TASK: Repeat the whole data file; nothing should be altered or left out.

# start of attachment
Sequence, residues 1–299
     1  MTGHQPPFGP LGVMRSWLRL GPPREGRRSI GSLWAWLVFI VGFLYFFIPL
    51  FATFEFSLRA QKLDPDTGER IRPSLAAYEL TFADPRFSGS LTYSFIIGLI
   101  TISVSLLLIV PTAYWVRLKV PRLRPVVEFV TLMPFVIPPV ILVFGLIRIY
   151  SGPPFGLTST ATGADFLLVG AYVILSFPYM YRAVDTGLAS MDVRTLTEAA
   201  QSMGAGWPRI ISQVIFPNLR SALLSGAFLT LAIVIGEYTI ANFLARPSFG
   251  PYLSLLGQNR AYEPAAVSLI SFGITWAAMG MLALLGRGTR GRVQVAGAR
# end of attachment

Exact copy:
Sequence, residues 1–299
     1  MTGHQPPFGP LGVMRSWLRL GPPREGRRSI GSLWAWLVFI VGFLYFFIPL
    51  FATFEFSLRA QKLDPDTGER IRPSLAAYEL TFADPRFSGS LTYSFIIGLI
   101  TISVSLLLIV PTAYWVRLKV PRLRPVVEFV TLMPFVIPPV ILVFGLIRIY
   151  SGPPFGLTST ATGADFLLVG AYVILSFPYM YRAVDTGLAS MDVRTLTEAA
   201  QSMGAGWPRI ISQVIFPNLR SALLSGAFLT LAIVIGEYTI ANFLARPSFG
   251  PYLSLLGQNR AYEPAAVSLI SFGITWAAMG MLALLGRGTR GRVQVAGAR